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Thursday, January 31, 2013

Free Form Embroidery

Free Form Embroidery
Judith Baker Montano
© Lydia Lowe  2013

    I enjoy all aspects of embroidery and I've made no secret of that over the years.  So I couldn't wait to get my hands on a copy of this book.  Judith Baker Montano books never disappoint and this one doesn't either.  If you are looking for a good all around embroidery book for reference, this is the book for you.

     The author covers everything from tools and supplies to threads and ribbons, yarns, fabrics, the various needle types and what they are used for, as well as how to prepare your hoop for stitching.  Montano takes plenty of time explaining the various stitching techniques through diagrams as well as written descriptions.  She shows you how the stitch begins, progresses, and finally what it looks like when completed.  Primarily all of her stitching reflects the natural world around us: trees, shrubs, vines, weeds, grasses, underwater flora and fauna, and botanicals.

     There is a section on how to think "like a painter" because that is what the stitcher is doing, painting with thread.  From here the author launches into photo prep and how you, the stitcher, can now apply what you've learned to actual hand stitching and embroidery.  Montano goes step by step from the photo she's chosen throughout the process, so that you can see how everything is done.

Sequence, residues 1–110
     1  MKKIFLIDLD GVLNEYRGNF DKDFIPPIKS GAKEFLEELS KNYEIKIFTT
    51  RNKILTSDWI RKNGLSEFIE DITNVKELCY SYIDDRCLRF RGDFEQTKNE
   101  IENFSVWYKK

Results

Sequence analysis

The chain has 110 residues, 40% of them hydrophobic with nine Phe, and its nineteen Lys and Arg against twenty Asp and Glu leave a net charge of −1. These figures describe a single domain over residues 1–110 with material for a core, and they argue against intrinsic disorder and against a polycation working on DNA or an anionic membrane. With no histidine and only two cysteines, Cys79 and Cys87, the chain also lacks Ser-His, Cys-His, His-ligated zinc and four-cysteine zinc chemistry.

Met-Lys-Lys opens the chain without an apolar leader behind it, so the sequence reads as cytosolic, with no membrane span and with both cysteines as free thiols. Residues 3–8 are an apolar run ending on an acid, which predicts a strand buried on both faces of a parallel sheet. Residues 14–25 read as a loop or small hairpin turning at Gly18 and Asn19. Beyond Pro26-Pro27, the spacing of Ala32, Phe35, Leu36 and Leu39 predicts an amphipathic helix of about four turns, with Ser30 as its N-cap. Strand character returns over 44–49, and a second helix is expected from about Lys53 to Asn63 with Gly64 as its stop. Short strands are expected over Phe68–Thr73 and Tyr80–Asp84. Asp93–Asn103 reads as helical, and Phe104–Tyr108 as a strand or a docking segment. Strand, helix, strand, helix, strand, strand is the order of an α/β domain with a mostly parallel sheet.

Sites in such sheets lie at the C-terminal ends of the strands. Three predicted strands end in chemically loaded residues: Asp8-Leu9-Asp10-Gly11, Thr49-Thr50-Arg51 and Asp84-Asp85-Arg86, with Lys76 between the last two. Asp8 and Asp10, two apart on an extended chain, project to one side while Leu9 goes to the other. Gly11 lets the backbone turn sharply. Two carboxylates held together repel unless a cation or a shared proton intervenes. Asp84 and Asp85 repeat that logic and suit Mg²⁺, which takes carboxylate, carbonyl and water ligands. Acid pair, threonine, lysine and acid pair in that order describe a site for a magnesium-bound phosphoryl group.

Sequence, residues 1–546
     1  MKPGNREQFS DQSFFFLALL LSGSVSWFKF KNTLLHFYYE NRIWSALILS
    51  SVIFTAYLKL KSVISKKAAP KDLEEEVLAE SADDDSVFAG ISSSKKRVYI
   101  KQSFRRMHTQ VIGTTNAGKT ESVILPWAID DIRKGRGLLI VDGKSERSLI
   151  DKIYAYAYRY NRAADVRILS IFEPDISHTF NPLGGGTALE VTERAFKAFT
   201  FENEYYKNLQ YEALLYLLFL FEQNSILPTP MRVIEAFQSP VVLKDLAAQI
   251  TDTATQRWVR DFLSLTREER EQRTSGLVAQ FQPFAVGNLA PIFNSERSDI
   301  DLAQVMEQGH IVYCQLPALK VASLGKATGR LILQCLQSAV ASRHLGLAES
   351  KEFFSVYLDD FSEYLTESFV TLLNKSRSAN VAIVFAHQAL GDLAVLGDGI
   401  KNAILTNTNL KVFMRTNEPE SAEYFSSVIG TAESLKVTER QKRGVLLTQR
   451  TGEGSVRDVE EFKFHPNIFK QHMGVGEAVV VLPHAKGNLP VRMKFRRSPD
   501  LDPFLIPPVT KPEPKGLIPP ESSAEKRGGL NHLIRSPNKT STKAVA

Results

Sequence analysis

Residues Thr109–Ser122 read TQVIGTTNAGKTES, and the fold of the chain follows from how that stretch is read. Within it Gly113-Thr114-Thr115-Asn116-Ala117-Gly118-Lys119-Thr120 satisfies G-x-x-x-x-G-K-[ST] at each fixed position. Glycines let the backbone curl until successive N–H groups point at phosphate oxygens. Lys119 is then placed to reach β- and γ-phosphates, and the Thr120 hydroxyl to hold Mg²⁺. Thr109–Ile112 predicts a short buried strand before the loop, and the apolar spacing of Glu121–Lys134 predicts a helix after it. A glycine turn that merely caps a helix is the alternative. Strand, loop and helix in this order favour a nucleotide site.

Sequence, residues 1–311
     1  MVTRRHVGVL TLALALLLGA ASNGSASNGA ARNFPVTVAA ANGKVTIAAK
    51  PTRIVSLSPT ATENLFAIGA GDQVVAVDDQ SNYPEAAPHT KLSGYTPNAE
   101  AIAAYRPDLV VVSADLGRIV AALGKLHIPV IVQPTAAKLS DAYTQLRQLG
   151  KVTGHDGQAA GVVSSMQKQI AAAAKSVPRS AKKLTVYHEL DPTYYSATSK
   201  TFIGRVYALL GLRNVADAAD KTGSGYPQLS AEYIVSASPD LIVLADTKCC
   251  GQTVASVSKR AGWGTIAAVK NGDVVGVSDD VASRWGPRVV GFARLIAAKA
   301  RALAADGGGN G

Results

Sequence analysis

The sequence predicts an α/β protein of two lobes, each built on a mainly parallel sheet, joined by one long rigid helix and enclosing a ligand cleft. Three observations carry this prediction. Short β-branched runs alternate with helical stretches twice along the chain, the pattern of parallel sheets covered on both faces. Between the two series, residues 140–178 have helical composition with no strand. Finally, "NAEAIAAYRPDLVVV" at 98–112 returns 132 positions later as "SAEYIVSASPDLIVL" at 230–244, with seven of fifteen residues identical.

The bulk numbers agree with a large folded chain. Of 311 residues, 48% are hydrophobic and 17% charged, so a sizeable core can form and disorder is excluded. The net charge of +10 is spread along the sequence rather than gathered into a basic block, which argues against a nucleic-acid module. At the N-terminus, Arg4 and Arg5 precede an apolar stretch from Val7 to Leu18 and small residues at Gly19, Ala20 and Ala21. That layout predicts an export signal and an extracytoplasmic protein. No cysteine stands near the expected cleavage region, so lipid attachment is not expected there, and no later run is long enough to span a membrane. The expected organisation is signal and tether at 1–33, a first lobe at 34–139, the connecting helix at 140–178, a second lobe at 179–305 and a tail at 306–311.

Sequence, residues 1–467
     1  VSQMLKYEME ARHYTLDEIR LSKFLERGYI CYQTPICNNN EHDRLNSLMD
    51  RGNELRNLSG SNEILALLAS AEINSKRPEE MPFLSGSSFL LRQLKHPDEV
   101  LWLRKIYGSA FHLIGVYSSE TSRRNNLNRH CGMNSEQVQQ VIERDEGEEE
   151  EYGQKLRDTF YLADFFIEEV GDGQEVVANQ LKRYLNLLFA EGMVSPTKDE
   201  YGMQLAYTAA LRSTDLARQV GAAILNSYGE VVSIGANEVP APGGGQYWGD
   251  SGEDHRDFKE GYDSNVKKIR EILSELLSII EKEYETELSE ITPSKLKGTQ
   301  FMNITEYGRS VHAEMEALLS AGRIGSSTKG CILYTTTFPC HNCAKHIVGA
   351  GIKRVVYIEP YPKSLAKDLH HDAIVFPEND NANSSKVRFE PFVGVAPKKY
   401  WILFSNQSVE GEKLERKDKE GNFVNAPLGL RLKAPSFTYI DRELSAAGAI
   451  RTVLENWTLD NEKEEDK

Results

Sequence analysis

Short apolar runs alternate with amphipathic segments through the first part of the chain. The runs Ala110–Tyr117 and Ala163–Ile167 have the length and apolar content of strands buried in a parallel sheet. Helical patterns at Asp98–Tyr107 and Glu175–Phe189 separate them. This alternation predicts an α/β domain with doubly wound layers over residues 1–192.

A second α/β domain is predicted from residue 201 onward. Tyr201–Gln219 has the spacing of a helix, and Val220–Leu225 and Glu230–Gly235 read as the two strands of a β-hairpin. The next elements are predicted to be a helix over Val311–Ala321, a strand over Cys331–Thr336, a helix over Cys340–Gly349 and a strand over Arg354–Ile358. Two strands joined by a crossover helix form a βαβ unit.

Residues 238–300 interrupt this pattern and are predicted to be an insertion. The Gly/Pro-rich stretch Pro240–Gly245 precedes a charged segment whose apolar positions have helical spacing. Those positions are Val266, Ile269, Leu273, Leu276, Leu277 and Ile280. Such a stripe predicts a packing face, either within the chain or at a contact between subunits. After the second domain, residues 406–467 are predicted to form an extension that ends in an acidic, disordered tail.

This book is another in Montano's wonderful series of embroidery books.  I think if you are a beginner or an advanced stitcher, you will gain knowledge from this book.

Wednesday, January 30, 2013

A to Z Blog Challenge

     Many of you know that I have participated in NaNoWriMo for a couple of years now.  I really enjoy the challenge of creating a 50,000 word novel in 30 days.  Well, today I found out about a blogging challenge project that happens every April which is called: The A to Z Blog Challenge.  For the month of April, I will write a daily post (a 10 line poem) on a topic of my choosing having to do with a different letter of the alphabet, starting with A and ending with Z, of course.  So check out Chalk Outlines on April 1st and follow the challenge. (I know I said earlier that Chalk Outlines was taking a year long hiatus, but hey, I'm allowed to change my mind!)  Click on the button on the sidebar for more information on the challenge and how you can join in on the fun.

Tuesday, January 15, 2013

Thomas Pecore Weso

  Thomas Pecore Weso